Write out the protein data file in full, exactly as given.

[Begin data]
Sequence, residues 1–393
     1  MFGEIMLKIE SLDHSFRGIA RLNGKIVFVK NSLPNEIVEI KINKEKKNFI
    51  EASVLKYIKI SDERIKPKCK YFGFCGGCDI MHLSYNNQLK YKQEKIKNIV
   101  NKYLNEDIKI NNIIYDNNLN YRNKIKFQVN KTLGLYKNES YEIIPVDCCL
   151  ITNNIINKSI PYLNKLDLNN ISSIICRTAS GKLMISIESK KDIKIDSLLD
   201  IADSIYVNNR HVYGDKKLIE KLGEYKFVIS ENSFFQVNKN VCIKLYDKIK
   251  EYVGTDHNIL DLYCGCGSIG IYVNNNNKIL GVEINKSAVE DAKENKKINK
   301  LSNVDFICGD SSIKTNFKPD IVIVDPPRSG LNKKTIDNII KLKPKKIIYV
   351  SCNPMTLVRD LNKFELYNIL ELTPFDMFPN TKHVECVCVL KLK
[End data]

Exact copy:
Sequence, residues 1–393
     1  MFGEIMLKIE SLDHSFRGIA RLNGKIVFVK NSLPNEIVEI KINKEKKNFI
    51  EASVLKYIKI SDERIKPKCK YFGFCGGCDI MHLSYNNQLK YKQEKIKNIV
   101  NKYLNEDIKI NNIIYDNNLN YRNKIKFQVN KTLGLYKNES YEIIPVDCCL
   151  ITNNIINKSI PYLNKLDLNN ISSIICRTAS GKLMISIESK KDIKIDSLLD
   201  IADSIYVNNR HVYGDKKLIE KLGEYKFVIS ENSFFQVNKN VCIKLYDKIK
   251  EYVGTDHNIL DLYCGCGSIG IYVNNNNKIL GVEINKSAVE DAKENKKINK
   301  LSNVDFICGD SSIKTNFKPD IVIVDPPRSG LNKKTIDNII KLKPKKIIYV
   351  SCNPMTLVRD LNKFELYNIL ELTPFDMFPN TKHVECVCVL KLK